Scottish schools are set to be at the forefront of the fight against cyber bullying and the exploitation of young people online with the unveiling of an initiative by Maree Todd, the Minister for Children and Young People.
Designed to provide education professionals with the resources and support required to help pupils navigate the digital world, the Special Recognition Badge for Cyber Resilience and Internet Safety is the only programme of its kind being delivered in the UK. The framework has been developed by Digital Schools Awards in partnership with Education Scotland and the Child Protection Unit and has the backing of major tech companies HP, Microsoft and Intel. The initiative is also supported by Police Scotland.
Officially launched at the Young Scot ‘DigiKnow?’ event in Dundee Science Centre, the stand-alone badge will be available to all schools that demonstrate a strategic approach to cyber resilience and internet safety. The initiative follows the successful integration of the Digital Schools Awards programme in primary and secondary schools throughout Scotland, which encourages a whole-school approach to digital learning.
Through practical support and access to resources the programme will encourage an open dialogue amongst teachers and pupils on issues of cyber safety. It will help participants to identify online risks and stress the importance of building strong cyber hygiene habits and practices. Schools are also encouraged to put in place measures such as counselling for children who face issues on social media.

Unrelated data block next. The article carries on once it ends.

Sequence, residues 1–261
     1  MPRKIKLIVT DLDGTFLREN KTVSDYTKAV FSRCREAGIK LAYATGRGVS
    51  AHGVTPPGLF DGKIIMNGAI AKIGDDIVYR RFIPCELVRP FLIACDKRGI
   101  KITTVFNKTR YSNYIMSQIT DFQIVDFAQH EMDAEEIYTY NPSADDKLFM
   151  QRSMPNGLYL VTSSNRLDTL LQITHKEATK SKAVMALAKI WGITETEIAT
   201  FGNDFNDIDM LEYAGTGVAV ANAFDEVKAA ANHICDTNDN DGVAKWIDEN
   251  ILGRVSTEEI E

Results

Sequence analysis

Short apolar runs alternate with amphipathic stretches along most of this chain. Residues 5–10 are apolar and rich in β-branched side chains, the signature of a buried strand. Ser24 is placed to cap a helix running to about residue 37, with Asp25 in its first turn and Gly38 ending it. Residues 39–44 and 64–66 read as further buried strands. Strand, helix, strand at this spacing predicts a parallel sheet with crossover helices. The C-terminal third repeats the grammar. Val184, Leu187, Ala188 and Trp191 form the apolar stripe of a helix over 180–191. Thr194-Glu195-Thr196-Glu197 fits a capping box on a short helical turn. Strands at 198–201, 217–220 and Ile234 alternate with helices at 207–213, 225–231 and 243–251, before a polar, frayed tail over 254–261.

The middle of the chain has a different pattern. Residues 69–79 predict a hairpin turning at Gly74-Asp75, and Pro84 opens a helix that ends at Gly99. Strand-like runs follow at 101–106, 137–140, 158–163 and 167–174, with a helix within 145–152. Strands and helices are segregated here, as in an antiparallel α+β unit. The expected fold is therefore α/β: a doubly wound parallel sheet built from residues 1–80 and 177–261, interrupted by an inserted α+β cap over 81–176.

Maree Todd said: “The proliferation of the internet and advances in digital technologies have brought around much positive change. But in an age where mobile technologies are integrated into almost every aspect of our lives, ensuring young people enjoy a positive experience online needs to be a top priority.
“This is the first initiative of its kind to be delivered in Scotland, that supports teachers with information and practical resources. By doing so we are better equipping them to educate pupils on the benefits and potential dangers of the internet. A multi-agency approach which sees Scottish Government bodies working in partnership with industry, means the programme is well placed to support teachers to implement strategies in schools.”
George Brasher, Managing Director of HP UK and Ireland, added: “Keeping young people safe online has never been more important. Through this initiative, HP is proud to support schools in ensuring that young people grow up in a culture where staying safe online is as natural to them as any other aspect of their digital lives.”
To attain a Special Recognition Badge for Cyber Resilience and Internet Safety schools must complete a self-assessment to identify their expertise. Where gaps in the knowledge exist, Digital Schools Awards will provide the necessary guidance to achieve accreditation. The award also helps schools obtain the requirements of the Cyber Resilience Strategy for Scotland and draws on the National Action Plan and other important strategies.